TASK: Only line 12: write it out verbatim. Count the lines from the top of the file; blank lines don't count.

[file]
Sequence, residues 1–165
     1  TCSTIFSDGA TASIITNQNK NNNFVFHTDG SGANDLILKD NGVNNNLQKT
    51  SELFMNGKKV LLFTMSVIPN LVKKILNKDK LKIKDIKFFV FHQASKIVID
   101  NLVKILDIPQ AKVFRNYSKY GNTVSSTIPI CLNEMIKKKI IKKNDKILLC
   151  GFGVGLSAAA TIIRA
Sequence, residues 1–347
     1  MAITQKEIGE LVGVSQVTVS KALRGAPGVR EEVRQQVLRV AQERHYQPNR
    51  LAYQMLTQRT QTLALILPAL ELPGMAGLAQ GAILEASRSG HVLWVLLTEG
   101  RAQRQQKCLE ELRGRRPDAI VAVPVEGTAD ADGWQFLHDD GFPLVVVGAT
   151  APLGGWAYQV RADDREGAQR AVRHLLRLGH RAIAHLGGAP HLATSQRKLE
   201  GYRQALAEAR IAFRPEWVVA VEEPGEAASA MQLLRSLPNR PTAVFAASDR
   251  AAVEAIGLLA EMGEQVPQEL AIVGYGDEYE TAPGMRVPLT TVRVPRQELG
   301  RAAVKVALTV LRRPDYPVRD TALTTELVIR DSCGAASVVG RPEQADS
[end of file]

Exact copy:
   251  AAVEAIGLLA EMGEQVPQEL AIVGYGDEYE TAPGMRVPLT TVRVPRQELG